The International Enforcement Law Reporter

The International Enforcement Law Reporter is a monthly print and online journal covering news and trends in international enforcement law.

Since September 1985, the International Enforcement Law Reporter has analyzed the premier developments in both the substantive and procedural aspects of international enforcement law. Read by practitioners, academics, and politicians, the IELR is a valuable guide to the difficult and dynamic field of international law.

Brazil Adds Criminal Charges in Chevron Oil Spill Case

Brazil has filed criminal charges against Chevron and Transocean in response to their failure to properly halt or prevent a 3,000 barrel leak from an oil rig off the coast of Rio de Janeiro.  Brazil had previously filed an $11 billion civil lawsuit against the two companies in response to the same leak.  The charges, though unlikely to result in jail time for Chevron or Transocean executives, serve as a warning to other oil companies operating recklessly in Brazil.   

Future IELR articles will discuss the comparative criminal law issues in how the United States and Brazil have dealt with major oil spills by some of the same companies.

SEC Concludes Enforcement Cooperation Agreements with EU and Cayman

On March 22, 2012, the Securities and Exchange Commission today announced that it has established comprehensive arrangements with the Cayman Islands Monetary Authority (CIMA) and the European Securities and Markets Authority (ESMA) as part of long-term strategy to improve the oversight of regulated entities that operate across national borders.

OAS Hosts High-Level Hemispheric Meeting against Transnational Organized Crime

On March 2, 2012, the Secretary General of the Organization of American States (OAS), José Miguel Insulza, participated  in the closing session of the High-Level Hemispheric Meeting against Transnational Organized Crime held in Mexico City, during which he called upon States "not to give in to the magnitude of the work in the fight against the scourge of transnational crime; nor be seduced by the supposedly easy short-term solutions, and above all never surrender to the enemy or reconcile with him.” The meeting began yesterday at the headquarters of the Ministry of Foreign A

Libya, ICC Clash Over Seif al-Islam el-Qaddafi

Libyan officials recently restated their determination to try Seif al-Islam, the son and former heir-apparent to Muammar Qaddafi, at home, rather than allow the International Criminal Court (ICC) to try him abroad.  Despite having no effective police force, court system, or detention facilities, the Libyan interim government has protested the involvement of the ICC, for fear that Seif al-Islam will be tried in The Hague or elsewhere.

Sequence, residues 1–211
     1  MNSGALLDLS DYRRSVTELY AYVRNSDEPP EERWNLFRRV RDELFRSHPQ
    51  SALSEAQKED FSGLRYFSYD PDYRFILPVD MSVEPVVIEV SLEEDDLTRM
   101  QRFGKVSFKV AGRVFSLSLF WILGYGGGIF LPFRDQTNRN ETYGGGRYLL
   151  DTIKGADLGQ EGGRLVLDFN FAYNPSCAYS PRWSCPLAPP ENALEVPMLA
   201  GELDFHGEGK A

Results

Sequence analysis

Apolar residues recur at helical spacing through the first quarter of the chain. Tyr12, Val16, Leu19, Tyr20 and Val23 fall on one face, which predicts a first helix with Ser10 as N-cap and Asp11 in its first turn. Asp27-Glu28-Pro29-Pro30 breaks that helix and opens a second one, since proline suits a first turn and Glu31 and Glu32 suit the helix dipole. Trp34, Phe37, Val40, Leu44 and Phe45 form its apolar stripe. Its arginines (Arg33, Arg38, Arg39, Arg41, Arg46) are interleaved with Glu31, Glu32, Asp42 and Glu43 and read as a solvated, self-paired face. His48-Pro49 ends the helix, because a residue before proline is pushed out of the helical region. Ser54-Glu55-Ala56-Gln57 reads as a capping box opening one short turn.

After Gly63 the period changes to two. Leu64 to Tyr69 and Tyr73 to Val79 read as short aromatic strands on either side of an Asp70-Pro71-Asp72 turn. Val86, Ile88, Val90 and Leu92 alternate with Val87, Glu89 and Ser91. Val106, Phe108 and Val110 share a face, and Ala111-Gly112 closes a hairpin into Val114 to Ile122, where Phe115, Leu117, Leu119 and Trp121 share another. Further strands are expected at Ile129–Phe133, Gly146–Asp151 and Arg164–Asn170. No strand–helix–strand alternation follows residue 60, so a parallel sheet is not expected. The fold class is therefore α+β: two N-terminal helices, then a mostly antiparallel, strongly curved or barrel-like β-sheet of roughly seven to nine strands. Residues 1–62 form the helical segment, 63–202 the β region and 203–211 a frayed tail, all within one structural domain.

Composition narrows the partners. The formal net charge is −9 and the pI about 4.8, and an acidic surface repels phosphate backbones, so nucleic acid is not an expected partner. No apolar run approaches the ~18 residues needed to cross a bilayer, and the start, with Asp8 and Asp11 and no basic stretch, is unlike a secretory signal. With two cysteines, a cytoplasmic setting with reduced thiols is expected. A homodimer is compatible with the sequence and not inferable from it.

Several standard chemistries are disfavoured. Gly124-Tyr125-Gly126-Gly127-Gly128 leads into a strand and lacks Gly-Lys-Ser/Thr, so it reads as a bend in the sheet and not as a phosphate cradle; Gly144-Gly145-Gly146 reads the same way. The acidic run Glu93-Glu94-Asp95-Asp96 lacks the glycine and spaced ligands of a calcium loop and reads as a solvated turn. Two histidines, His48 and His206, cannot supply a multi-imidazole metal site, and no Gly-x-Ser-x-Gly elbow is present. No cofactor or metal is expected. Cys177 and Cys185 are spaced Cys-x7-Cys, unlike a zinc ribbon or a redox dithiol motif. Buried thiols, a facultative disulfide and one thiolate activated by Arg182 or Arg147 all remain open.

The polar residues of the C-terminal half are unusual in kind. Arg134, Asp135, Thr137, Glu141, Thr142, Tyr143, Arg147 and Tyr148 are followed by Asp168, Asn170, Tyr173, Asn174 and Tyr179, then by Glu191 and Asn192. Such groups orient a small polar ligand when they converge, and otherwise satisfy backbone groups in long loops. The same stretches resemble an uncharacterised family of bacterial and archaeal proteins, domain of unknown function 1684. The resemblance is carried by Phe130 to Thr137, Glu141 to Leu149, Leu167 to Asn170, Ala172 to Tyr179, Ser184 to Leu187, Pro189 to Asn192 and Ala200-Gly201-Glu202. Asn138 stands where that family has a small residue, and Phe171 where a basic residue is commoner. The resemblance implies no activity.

Sudanese Defense Minister Attends Libyan Conference Despite Recent ICC Arrest Warrant

On March 12, 2012, the Sudanese Defense Minister, Abdel-Rahim Mohammed Hussein attended a regional conference in Tripoli, Libya, despite the recent arrest warrant issued to him by the International Criminal Court (ICC). The judges of the ICC issued the warrant after deciding there was ample evidence to find him responsible for 20 counts of crimes against humanity and 21 counts of war crimes in Darfur, Sudan between 2003-2004. United States officials criticized the Libyan government for negotiating with Hussein given his status in the ICC.

ICC Convicts Congolese Rebel in Landmark Ruling

In the first ruling of the International Criminal Court (ICC) in its 10 year history, the court has convicted Thomas Lubanga, a rebel from the Democratic Republic of the Congo, of recruiting children as soldiers.  Tens of thousands of people have died in the Congo in recent years, and the ICC ruling goes a long way in establishing the use of children in war as a war crime.  The ruling also solidifies the court's status as an arbiter of international law.

U.S. Attorney General Speaks at President's Interagency Task Force on Trafficking in Persons

On March 15, 2012, Attorney General Eric Holder spoke at the President's Interagency Task Force to Monitor and Combat Trafficking in Persons.

Holder said that he was proud that in 2012 the U.S. charged nearly 120 defendants – a record number – in human trafficking cases. Additionally over the last three years, the U.S. has  achieved significant increases in human trafficking prosecutions – including a rise of more than 30 percent in the number of forced labor and adult sex trafficking prosecutions.

Bizjet International Sales and Support Inc. Agrees to Pay $11.8 Million in FCPA Deferred Prosecution Agreement

On March 14, 2012, BizJet International Sales and Support Inc., a provider of aircraft maintenance, repair and overhaul (MRO) services based in Tulsa, Okla., agreed to pay an $11.8 million criminal penalty to settle charges related to the Foreign Corrupt Practices Act (FCPA) for bribing government officials in Latin America to secure contracts to perform aircraft MRO services for government agencies, announced Assistant Attorney General Lanny A. Breuer of the Criminal Division.

Russian Opposition Leaders Call for the Repeal of Cold War-era Trade Sanction

Russian opposition leaders endorsed President Obama’s request to repeal a Cold War-era trade sanction on March 12, 2012. This sanction, known as the Jackson-Vanik trade amendment, was established in 1974 and was intended to make it easier for Jews to emigrate to other countries after the Soviet Union forbid Jewish emigration. If the sanction is not repealed by the time Russia joins the World Trade Organization (WTO) in a few months, the United States will violate the organization’s rules and regulations. This violation would result in the levying of heavy tariffs on United States businesses, leading to the loss of millions of dollars in revenue.


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